Gaza Falls Deeper Into Chaos

Palestinian mourners carry the body of Talat Haniya, a member of the Hamas executive force, a security force set up by Hamas after winning the Palestinian elections last year, during his funeral in Gaza City, 18 May 2007.
Israeli planes pounded Hamas targets and rival Palestinian factions exchanged bursts of automatic weapons fire outside Gaza City's Islamic University Friday. The volatile mix of Israeli strikes and Palestinian infighting plunged Gaza deeper into chaos.

Five Palestinians were killed in a single air strike by Israel, which said it was responding to Hamas rocket attacks on southern Israel — a campaign that showed no sign of subsiding Friday. Hamas fired three rockets at the town of Sderot, where three people were injured by shrapnel and several others were treated for shock.

Hamas has fired more than 100 rockets across the border this week, reports CBS News correspondent Robert Berger. Hamas gunmen also clashed with members of the rival Palestinian faction for the sixth straight day.

In other developments:

  • Israel has been aiding Fatah against Hamas by allowing Fatah to bring into Gaza as many as 500 fresh troops, the Washington Post reported Friday. The fighters were trained under a U.S.-coordinated program to counter Hamas. The Bush administration and Israel want to strengthen Fatah militarily and politically but have been trying to avoid being seen as taking sides in the Hamas-Fatah conflict.
  • Israeli and Palestinian businessmen launched a joint council on Friday in Jordan, saying they want to advance networking and promote peace despite the raging violence in the Gaza Strip. The Israeli-Palestinian Business Council's 10 founding members, all prominent businessmen, will work toward advancing the "relationship between the two business communities and, ultimately, assist the region to move toward durable peace and coexistence," the World Economic Forum said in a statement.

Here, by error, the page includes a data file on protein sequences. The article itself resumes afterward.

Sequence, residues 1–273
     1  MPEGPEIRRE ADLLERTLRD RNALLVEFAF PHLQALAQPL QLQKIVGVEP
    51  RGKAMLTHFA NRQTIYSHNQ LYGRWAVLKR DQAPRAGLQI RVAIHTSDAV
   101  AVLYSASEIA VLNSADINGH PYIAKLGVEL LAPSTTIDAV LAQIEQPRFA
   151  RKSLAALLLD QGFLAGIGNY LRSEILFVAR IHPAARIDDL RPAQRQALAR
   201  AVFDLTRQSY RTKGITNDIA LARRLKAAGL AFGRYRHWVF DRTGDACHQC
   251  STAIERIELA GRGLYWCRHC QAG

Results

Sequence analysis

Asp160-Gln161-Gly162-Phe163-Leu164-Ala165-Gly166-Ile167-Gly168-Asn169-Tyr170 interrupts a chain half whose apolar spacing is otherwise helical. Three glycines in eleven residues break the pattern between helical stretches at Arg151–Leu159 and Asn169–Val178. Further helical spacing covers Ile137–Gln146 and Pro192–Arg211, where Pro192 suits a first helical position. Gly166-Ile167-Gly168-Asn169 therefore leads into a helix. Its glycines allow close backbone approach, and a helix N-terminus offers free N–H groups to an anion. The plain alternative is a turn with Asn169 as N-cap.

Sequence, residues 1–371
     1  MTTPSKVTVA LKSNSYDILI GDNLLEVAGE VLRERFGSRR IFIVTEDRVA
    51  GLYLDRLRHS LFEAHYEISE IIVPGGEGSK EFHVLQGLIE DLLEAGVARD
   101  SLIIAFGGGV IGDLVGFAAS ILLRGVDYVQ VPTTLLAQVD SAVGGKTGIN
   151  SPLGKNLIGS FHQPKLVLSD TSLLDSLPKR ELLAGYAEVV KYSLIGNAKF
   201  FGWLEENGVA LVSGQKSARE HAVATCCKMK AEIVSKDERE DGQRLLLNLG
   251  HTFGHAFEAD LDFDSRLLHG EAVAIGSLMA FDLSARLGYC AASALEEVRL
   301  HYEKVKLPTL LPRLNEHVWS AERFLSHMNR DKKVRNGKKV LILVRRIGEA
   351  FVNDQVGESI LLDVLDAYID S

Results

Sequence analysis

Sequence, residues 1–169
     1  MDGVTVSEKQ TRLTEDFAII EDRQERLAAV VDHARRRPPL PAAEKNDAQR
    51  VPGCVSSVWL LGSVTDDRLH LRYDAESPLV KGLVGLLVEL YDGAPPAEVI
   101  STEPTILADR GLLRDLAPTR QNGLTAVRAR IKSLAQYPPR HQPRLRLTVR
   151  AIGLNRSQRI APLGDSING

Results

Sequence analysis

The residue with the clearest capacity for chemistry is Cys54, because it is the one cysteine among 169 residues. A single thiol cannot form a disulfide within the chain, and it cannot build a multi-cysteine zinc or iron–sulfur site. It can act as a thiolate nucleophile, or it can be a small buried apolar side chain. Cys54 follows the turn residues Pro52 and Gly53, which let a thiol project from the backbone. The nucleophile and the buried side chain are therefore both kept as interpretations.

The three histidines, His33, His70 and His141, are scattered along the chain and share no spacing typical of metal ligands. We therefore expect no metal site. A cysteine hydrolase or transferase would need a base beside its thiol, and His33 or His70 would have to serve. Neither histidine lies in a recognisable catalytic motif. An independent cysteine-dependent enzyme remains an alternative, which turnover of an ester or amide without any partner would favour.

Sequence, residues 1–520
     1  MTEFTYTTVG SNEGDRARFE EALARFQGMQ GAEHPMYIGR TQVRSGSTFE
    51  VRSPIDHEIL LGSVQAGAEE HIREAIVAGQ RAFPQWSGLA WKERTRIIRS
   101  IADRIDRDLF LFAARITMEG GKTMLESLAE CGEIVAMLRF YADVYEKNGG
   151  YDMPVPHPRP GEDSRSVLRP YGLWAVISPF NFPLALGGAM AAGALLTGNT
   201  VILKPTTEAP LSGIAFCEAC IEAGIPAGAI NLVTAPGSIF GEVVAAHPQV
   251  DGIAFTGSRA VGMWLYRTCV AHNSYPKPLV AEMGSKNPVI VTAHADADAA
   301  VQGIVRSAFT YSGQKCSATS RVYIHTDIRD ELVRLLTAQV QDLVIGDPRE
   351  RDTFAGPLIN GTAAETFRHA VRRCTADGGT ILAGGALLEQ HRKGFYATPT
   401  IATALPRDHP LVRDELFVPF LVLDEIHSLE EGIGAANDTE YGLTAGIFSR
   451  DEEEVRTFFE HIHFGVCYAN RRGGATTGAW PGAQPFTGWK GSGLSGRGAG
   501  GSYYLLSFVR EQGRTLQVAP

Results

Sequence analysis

• Israeli Prime Minister Ehud Olmert's coalition government won a reprieve on Friday when Labor party allies turned down a call by rebels to bolt the alliance immediately, but Labor's central committee said it would meet again to review its support for Olmert's administration after May 28 primaries.

    Outside the Islamic University — a Hamas stronghold — one person was wounded from the exchange of fire but it was not immediately known from which side.

    Members of Palestinian President Mahmoud Abbas' presidential guard and other Fatah loyalists were advancing on Hamas fighters from different directions — and the house of the university's dean was attacked by rocket propelled grenades, according to Hamas.

    However, presidential guard spokesman Ali al-Kaisi denied his group was involved in any attack on the university.

    The university's president, Kamelen Shaath, appealed for an immediate halt to the violence.

    "Universities must be outside the circle of violence and I appeal to the president and all the wise people on both sides to try and spare the university the agony of this fight," he said.

    In six days of mayhem, 46 Palestinians have died in the infighting and another 17 were killed in Israeli strikes.

    The fighting between Hamas and Fatah has all but destroyed a two-month-old power sharing deal between them, and brought them close to all-out civil war. The Israeli strikes have introduced a new layer of violence and uncertainty — though a senior army official, speaking on condition of anonymity because no official decision has been made, said Israel had no immediate plans for a major ground offensive to halt rocket fire.

    Israeli aircraft fired missiles east of Gaza City on Friday, killing five Palestinians, at least three of them Hamas militants, and wounding six people, Hamas and local doctors said. The military said the target was a Hamas headquarters building. Two other strikes followed but there was no word of any casualties, Palestinian doctors said. The army said it struck at a squad that fired rockets into Israel.

    • Tucker Reals

      Tucker Reals is the foreign editor, based at the CBS News London bureau.